PREVIOUS QUESTION:

 

NEXT QUESTION:

 

How is a migraine with aura different from a regular migraine?

ANSWER

In both, you get the typical migraine symptoms, which may last anywhere from a few hours to a few days. That can include:

  • Being sensitive to light, smells, sound, and touch
  • Blurred vision
  • Pain that's usually on one side of the head and worse when you move
  • Stomach upset and throwing up
  • Stiffness in your shoulders and neck

The difference is whether or not you get an aura. When you do, it typically sets in slowly over 5 to 20 minutes. It may last up to an hour. It often acts as a warning sign, coming on before any pain shows up. But it can happen during the migraine as well.

SOURCES:

The Migraine Association of Ireland: "Migraine Without Aura," "Migraine With Aura."

Mayo Clinic: "Migraine," "Migraine with Aura."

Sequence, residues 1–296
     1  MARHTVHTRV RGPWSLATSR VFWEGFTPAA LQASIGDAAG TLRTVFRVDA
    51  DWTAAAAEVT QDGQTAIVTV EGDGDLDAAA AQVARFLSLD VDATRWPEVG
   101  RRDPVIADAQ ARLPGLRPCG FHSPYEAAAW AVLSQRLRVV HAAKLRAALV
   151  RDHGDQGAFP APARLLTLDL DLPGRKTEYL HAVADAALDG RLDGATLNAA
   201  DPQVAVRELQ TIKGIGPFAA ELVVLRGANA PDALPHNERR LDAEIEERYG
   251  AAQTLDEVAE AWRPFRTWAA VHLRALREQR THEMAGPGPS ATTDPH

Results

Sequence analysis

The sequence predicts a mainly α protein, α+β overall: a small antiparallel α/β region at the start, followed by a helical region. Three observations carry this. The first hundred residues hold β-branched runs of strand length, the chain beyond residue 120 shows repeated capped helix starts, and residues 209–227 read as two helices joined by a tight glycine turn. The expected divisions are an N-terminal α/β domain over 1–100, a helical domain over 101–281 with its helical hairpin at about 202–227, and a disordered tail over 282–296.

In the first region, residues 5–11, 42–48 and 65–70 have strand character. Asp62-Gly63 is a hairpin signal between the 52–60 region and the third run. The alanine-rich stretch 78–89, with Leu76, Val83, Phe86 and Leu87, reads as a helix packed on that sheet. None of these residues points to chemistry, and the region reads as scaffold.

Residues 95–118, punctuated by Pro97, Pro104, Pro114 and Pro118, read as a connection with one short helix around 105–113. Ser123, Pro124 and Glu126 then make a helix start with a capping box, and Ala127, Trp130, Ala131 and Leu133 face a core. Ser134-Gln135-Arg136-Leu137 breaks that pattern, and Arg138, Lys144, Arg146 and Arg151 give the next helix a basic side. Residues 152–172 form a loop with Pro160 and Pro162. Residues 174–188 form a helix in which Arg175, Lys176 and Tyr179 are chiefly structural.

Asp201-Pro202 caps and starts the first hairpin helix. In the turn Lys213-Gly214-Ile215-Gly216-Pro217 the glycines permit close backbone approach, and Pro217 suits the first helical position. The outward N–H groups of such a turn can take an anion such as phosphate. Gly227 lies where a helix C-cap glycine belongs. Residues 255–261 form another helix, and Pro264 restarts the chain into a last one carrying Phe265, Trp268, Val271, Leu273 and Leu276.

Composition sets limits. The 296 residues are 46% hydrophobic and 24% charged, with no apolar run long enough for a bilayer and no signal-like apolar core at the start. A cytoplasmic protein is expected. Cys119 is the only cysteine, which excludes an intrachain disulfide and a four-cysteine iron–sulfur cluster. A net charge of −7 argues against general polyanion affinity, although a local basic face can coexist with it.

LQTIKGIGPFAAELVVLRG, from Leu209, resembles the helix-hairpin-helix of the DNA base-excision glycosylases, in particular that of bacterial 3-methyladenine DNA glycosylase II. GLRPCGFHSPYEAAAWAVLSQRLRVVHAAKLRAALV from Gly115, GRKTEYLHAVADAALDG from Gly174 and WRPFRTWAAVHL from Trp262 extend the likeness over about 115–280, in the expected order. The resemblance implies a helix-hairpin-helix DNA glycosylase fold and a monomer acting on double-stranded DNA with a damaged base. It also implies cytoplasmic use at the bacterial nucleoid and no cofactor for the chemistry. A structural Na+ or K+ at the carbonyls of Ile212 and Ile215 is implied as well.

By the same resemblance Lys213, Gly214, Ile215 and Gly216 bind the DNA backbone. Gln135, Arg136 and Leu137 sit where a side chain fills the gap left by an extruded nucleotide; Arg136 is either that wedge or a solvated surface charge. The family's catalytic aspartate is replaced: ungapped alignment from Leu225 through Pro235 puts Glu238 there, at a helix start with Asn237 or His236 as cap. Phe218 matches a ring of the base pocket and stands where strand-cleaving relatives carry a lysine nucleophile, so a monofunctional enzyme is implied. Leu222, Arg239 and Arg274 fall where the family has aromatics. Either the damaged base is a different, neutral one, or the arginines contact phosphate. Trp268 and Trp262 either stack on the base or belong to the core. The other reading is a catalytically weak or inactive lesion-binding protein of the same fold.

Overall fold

The Migraine Trust: "Types of Migraine," "Migraine Without Aura," "Migraine With Aura."

American Migraine Foundation: "Migraine and Aura."

American Family Physician: "Treatment of Acute Migraine Headache."

Reviewed by Melinda Ratini on October 16, 2020

SOURCES:

The Migraine Association of Ireland: "Migraine Without Aura," "Migraine With Aura."

Mayo Clinic: "Migraine," "Migraine with Aura."

The Migraine Trust: "Types of Migraine," "Migraine Without Aura," "Migraine With Aura."

American Migraine Foundation: "Migraine and Aura."

American Family Physician: "Treatment of Acute Migraine Headache."

Reviewed by Melinda Ratini on October 16, 2020

NEXT QUESTION:

Are there different types of auras that come with a migraine?

WAS THIS ANSWER HELPFUL

"ALEXA, ASK WEBMD"

THIS TOOL DOES NOT PROVIDE MEDICAL ADVICE. It is intended for general informational purposes only and does not address individual circumstances. It is not a substitute for professional medical advice, diagnosis or treatment and should not be relied on to make decisions about your health. Never ignore professional medical advice in seeking treatment because of something you have read on the WebMD Site. If you think you may have a medical emergency, immediately call your doctor or dial 911.

    This tool does not provide medical advice. See additional information.